If you’ve never eaten McDonalds apple pies naked on a dock, I don’t think I can recommend it enough.
We are funny animals and simpler than we like to act. Something about being naked seems to drive home things that I could affirm to myself until I was blue in the face without much success. I’m safe. It’s okay to be vulnerable. It’s okay to take myself as I am, as a person with a body who doesn’t live within predetermined parameters.
All of this is doubly healing as a queer person. As a kid, I never found that sense of safety within locker and change rooms the way my straight female friends did. Instead, like most queer people, I found myself anxious to be there—anxious to look too long and what it meant or said about me as a person. There’s an inherent fear of preying on your friends as a queer person. It’s the same feeling I sometimes have when a friend holds my hand or pulls me in for a hug or offers me any physical affection at all. What am I getting out of this? What kind of intruder am I, accepting these offerings with the knowledge that they mean more to me?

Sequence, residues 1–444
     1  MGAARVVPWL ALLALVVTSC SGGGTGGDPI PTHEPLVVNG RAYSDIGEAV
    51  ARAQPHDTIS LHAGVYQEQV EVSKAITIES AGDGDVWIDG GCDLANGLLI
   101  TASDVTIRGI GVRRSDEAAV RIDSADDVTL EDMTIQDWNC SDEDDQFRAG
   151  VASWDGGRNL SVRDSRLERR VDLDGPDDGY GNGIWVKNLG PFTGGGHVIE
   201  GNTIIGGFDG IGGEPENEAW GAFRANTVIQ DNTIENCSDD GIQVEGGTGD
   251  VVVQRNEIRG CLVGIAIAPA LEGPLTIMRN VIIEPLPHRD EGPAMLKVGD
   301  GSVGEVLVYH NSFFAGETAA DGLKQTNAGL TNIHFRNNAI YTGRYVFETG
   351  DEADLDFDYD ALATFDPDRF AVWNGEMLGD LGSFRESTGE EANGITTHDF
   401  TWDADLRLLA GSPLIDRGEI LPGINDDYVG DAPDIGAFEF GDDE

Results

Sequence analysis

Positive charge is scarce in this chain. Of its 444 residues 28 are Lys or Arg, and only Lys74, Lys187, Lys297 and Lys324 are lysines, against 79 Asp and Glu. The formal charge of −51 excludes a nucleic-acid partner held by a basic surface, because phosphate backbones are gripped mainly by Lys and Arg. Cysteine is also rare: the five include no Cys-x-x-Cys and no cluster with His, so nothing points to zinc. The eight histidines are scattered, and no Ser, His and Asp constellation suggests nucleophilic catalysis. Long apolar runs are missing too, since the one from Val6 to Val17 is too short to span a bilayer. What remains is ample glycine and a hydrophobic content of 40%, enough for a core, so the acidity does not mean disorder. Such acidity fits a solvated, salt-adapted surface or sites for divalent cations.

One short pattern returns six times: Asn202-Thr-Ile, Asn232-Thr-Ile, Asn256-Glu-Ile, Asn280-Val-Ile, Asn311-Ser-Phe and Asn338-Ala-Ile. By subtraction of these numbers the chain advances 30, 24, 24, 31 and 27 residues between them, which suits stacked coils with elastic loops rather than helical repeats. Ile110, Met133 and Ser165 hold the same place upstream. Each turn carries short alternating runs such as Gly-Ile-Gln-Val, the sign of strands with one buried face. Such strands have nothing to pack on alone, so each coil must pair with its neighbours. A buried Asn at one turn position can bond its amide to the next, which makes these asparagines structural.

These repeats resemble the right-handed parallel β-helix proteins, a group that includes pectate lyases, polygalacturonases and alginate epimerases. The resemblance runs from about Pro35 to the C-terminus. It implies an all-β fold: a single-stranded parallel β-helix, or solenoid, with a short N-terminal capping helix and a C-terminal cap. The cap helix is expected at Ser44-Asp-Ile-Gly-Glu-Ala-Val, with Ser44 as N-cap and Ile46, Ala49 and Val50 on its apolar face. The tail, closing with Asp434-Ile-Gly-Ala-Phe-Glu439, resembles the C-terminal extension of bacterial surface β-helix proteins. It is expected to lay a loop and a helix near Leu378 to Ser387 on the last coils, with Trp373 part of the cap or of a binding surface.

Chalk it up to some form of religious guilt, maybe, but from speaking to my queer friends, this is a sadly universal truth.
There’s the autonomy as well. Choosing to be naked after decades spent being objectified by strangers and lovers alike feels like taking myself off the chopping block. No, I’m not up for debate. No, not even if you find me attractive. I’m not here for you. I’m here for me.
On this sunny dock with a joint in one hand and the sun kissing every part of my skin, I’m here for me.